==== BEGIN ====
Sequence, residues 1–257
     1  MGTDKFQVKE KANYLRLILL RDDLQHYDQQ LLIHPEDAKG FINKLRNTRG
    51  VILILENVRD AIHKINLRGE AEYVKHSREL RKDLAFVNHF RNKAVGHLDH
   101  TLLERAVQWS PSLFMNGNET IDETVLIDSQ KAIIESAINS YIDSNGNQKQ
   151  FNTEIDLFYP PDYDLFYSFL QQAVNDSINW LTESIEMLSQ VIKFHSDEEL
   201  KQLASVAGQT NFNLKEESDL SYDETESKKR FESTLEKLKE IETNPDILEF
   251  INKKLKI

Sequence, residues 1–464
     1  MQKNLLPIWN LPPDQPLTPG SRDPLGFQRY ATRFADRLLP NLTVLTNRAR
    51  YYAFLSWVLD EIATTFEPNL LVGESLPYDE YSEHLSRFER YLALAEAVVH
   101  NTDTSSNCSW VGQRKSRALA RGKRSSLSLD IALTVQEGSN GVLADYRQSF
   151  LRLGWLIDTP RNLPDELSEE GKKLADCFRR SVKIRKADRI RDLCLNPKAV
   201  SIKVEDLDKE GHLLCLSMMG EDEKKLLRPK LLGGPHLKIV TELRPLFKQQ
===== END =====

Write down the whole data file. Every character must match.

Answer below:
Sequence, residues 1–257
     1  MGTDKFQVKE KANYLRLILL RDDLQHYDQQ LLIHPEDAKG FINKLRNTRG
    51  VILILENVRD AIHKINLRGE AEYVKHSREL RKDLAFVNHF RNKAVGHLDH
   101  TLLERAVQWS PSLFMNGNET IDETVLIDSQ KAIIESAINS YIDSNGNQKQ
   151  FNTEIDLFYP PDYDLFYSFL QQAVNDSINW LTESIEMLSQ VIKFHSDEEL
   201  KQLASVAGQT NFNLKEESDL SYDETESKKR FESTLEKLKE IETNPDILEF
   251  INKKLKI

Sequence, residues 1–464
     1  MQKNLLPIWN LPPDQPLTPG SRDPLGFQRY ATRFADRLLP NLTVLTNRAR
    51  YYAFLSWVLD EIATTFEPNL LVGESLPYDE YSEHLSRFER YLALAEAVVH
   101  NTDTSSNCSW VGQRKSRALA RGKRSSLSLD IALTVQEGSN GVLADYRQSF
   151  LRLGWLIDTP RNLPDELSEE GKKLADCFRR SVKIRKADRI RDLCLNPKAV
   201  SIKVEDLDKE GHLLCLSMMG EDEKKLLRPK LLGGPHLKIV TELRPLFKQQ